The history of breeding fine horses is long and very important in Swedish history. The first state stud, the Flyinge National Stud was first started in the 12th century to develop an ideal type of cavalry and military horse. The official Royal Stud at Flyinge was established by King Charles X to further enhance the endurance and performance of the military mounts in 1661. From this heritage and four centuries of breeding experience and expertise the Swedish Warmblood has been produced. No longer developed to be a military mount, the Swedish Warmblood is one of the premier sports and competitive horses worldwide, winning medals, titles and events in local, national and the highly prestigious international type events and competitions.
The Swedish Warmblood horse is valued for its athletic ability, agility, intelligence and reliable and willing temperament. No longer just bred at the Flyinge National Stud the Swedish Warmblood is truly an international horse breed with farms in Canada, Australia, South American and the United States to name just a few countries outside of Sweden that have breeding farms for these wonderful horses.
Each Swedish Warmblood, regardless of its breeding line or heritage much past a set of standard trials or tests to ensure the high level of competitive horse that the breed is famous for. These tests, also known as inspection tours, involve assessing the horse's conformation, athletic ability as well as his or her temperament while in competitive type activities. For Swedish Warmbloods bred in the United States and Canada there is an annual inspection tour that typically happens in the late spring to early summer. Horses must be pre-registered to be inspected, and the exact details of what the inspectors will look for and request are listed on the Swedish Warmblood Association website as well as the SWANA or Swedish Warmblood Association of North America website.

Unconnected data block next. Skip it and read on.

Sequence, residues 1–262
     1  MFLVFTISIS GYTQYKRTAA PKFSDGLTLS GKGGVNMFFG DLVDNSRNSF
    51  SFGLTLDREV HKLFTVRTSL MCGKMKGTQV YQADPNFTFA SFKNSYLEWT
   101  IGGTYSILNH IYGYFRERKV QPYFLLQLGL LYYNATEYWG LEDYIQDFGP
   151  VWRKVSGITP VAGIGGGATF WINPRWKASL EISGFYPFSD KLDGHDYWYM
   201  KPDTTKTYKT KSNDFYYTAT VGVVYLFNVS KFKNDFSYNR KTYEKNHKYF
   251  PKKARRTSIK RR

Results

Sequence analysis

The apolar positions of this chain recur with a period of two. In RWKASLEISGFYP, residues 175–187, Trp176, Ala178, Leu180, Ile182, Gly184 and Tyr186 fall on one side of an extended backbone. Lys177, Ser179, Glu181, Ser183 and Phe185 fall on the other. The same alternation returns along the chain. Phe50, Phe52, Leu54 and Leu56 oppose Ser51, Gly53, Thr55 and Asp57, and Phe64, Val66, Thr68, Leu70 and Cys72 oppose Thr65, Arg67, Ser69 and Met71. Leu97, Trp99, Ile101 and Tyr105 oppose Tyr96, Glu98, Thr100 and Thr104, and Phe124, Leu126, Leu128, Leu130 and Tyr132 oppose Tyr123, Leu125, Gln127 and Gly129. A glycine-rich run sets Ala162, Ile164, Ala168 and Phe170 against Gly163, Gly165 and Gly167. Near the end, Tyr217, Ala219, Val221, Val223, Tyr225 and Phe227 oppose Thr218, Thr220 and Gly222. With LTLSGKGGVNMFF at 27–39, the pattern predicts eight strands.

The tests are monitored by two or more Swedish Warmblood Association judges that come directly from the ASWH in Sweden. The horses will be divided into different categories including foals and yearlings and two year olds, three to four year olds, horses older than five years, mares and stallions. Each horse will then be graded on a set of criteria based on in-hand performance and riding performance as appropriate for the age category. Jumping and riding tests are completed on the older horses but not on the fewer than two year olds. Horses will then be assigned a grade based on their overall performance and level of breed standard. Horses that receive a Class III or higher standard are eligible to be branded with the ASWH logo of the Swedish Crown, which is applied using a hot brand to the left thigh area of the horse. Only horses that meet the grading criteria can be branded, but it is not necessary to brand the horse unless the owner agrees.
Swedish Warmblood horses that do not meet minimum grading criteria cannot be registered as a Swedish Warmblood nor can they wear the brand of the ASWH. They do, however, make excellent horses for many different types of riding, driving and competitions.